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What is Buddhism
Buddhism is a philosophy or way of life-based on the teachings of Siddhartha Gautama. With about 500 million followers worldwide, Buddhism qualifies as a religion. It is a non-theistic religion, following the philosophical teachings and guidance of Buddha as opposed to a god or group of gods.
Buddhism’s roots back to more than 2 500 years ago. Gautama Buddha was born as Prince Siddhartha in Lumbini, what is today known as Nepal. He got married, had a son, and a life of luxury. Despite a life of comfort and luxury, the suffering he saw in the world moved him deeply. And this prompted him to give up his former life in search of more meaningful fulfillment.
The Enlightenment of Buddha
After years of searching, he was found meditating under a Bodhi tree , in a place called Bodh Gaya, having reached enlightenment. He understood the cause of real suffering – in an ever-changing world, we humans always want to hold on to our positions, relations, and possessions. To put an end to suffering, we must surrender to and accept change. This realization freed him from ignorance and illusion, and he became enlightened or the Buddha.
Buddha - Four Noble Truths
After attaining enlightenment, he explained his belief on life in his Four Noble Truths:
- Life is suffering
- The cause of suffering is desire
- The end of suffering comes with an end to longing
- There is a path that guides one away from desire and suffering
As explained above, this path allows one to live a life free of desire and attachment, which can cause suffering. Also, to be noted that the path is an eight-fold path consisting of right view, right resolve, right speech, right manner, right livelihood, right endeavor, right mindfulness, and right focus and concentration.
Teachings of Buddha
After Siddhartha passed, his followers sought to organize his teachings into what would become Buddhism. Its most essential teachings are known as the four noble truths: dukkha (the truth of suffering); samudaya (the truth of the cause of suffering); nirhodha (the truth of the end of suffering); and magga (the truth of the path that frees us from suffering).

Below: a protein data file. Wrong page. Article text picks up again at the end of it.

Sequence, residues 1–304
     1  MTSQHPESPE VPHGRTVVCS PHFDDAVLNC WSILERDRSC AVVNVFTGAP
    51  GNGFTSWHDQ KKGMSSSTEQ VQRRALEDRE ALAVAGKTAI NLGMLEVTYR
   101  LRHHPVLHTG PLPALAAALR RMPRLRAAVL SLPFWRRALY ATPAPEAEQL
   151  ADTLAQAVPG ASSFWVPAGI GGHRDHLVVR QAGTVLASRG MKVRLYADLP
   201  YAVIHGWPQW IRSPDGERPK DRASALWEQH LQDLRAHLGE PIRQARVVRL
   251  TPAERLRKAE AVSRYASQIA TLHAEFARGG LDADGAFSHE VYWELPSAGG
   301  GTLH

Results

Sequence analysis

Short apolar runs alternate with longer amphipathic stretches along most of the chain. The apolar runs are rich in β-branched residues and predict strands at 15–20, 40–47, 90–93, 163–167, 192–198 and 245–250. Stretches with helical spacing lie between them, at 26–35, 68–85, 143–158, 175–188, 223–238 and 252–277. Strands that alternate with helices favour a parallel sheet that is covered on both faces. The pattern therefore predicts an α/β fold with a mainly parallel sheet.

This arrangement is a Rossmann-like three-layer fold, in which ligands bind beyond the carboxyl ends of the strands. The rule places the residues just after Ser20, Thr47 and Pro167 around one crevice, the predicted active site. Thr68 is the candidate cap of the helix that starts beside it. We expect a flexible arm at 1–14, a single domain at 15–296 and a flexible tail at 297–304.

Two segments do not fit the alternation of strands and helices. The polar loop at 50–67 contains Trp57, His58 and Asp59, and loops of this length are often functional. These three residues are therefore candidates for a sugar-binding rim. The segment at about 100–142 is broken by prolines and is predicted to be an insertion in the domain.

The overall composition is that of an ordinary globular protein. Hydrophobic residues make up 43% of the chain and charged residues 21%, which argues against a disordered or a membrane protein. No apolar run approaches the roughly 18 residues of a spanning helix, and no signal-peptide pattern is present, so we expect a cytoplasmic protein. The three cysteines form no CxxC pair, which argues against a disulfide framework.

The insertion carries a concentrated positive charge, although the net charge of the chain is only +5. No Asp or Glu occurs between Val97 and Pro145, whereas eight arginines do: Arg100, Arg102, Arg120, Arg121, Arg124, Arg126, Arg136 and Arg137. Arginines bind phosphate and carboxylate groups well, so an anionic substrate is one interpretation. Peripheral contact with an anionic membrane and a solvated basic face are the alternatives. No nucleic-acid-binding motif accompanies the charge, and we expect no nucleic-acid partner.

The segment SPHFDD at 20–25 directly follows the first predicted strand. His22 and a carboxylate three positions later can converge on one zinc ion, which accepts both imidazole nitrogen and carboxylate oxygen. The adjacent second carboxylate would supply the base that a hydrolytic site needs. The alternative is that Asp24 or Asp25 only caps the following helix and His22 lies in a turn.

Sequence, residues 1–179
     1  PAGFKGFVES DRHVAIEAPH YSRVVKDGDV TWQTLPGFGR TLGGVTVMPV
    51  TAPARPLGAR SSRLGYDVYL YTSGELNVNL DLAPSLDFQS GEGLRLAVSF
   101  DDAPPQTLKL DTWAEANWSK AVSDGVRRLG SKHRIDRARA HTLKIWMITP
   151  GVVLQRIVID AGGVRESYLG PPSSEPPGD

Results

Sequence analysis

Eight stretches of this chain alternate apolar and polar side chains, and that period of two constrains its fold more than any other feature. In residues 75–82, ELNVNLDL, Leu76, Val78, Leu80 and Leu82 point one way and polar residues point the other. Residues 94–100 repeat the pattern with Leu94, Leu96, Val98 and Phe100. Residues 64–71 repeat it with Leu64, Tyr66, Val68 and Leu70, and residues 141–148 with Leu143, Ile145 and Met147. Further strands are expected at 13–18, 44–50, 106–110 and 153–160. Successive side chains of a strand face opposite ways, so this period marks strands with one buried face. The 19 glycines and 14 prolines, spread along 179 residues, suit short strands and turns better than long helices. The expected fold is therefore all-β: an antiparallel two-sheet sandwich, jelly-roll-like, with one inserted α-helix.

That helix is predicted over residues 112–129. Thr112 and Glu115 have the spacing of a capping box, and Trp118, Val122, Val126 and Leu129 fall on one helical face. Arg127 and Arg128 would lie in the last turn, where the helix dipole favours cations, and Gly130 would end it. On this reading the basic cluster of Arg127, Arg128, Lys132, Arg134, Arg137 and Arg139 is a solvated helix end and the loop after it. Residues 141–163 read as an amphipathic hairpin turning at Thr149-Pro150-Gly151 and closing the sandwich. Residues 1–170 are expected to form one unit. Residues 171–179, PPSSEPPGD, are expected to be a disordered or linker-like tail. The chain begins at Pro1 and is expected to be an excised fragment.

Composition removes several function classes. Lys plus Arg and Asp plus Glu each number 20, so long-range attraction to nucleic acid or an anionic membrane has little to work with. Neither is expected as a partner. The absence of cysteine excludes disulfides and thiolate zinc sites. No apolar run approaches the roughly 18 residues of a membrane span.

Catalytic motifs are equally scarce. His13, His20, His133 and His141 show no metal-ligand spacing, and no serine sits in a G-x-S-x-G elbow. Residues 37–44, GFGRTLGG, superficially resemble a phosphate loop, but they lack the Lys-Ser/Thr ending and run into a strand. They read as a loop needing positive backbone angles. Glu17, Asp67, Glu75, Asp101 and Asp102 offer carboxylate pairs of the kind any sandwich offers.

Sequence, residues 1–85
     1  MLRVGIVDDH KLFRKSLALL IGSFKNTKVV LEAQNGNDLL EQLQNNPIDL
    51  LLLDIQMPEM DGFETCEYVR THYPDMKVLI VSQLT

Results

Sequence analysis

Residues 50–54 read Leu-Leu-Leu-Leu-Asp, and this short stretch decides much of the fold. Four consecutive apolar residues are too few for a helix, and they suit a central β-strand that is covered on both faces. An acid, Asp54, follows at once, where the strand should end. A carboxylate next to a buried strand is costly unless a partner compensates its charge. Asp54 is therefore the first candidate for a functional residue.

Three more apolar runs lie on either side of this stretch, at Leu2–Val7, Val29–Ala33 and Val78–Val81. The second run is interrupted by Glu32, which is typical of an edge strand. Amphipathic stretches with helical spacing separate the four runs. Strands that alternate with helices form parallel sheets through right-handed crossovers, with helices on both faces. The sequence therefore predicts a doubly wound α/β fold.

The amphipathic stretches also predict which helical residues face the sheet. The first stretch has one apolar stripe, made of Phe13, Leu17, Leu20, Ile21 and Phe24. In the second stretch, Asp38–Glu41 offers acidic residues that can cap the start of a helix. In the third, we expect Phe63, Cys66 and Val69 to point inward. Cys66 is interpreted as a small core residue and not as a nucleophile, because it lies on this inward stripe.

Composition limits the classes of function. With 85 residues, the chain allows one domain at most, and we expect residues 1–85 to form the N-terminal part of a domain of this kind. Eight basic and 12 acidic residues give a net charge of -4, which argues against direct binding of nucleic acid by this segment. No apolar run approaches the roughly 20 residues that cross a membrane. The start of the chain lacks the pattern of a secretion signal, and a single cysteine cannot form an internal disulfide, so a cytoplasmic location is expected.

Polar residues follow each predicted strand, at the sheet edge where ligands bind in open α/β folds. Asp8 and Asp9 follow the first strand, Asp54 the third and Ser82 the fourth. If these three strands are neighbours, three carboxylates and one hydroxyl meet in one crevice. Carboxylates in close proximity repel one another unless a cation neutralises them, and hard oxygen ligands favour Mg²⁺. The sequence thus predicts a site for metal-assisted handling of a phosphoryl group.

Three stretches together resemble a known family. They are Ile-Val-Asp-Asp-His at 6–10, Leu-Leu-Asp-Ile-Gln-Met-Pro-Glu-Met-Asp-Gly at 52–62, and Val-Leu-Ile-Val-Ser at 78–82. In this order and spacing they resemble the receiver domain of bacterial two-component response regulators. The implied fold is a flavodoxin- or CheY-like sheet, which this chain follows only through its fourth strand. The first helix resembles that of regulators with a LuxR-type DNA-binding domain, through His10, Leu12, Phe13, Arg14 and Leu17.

As Buddhism grew, it evolved, taking on new meanings and interpretations amongst its many followers. The three main branches that have evolved are Mahayana, Theravada, and Vajrayana. In the 3rd century B.C. Buddhism became the state religion of India. Today it is most prominently practiced in East and Southeast Asia but has gained popularity and following in the West.
Buddhism Vs Hinduism and Other Religions
Christianity, Islam, Hinduism, and Buddhism are the four most widely practiced religions in the world. One of the main differences between Buddhism and these religions is that it is non-theistic, meaning there is no belief in a supreme god or deity. Other religions such as Shintō, Sikhism, Judaism, and Cao Dai also differ primarily from Buddhism in that they are all theistic religions. The three largest theistic religions also deal with sin and forgiveness, whereas sin is not a Buddhist concept. There is also no hierarchy of power within Buddhism. It also shares commonalities with other religions, such as sacred texts and symbology, attending places of worship, and geographical prominence.
With more than two billion followers, Christianity is the world’s largest religion. Its following grew in number due in part to the work of missionaries and colonizers. Buddhism differs in this regard: although its teachings are open and available to all, it does not seek to evangelize. Islam is the second-largest religion in the world, spread by the Prophet Muhammad. While Siddhartha is a central figure in Buddhism, he was an ordinary man and not a prophet.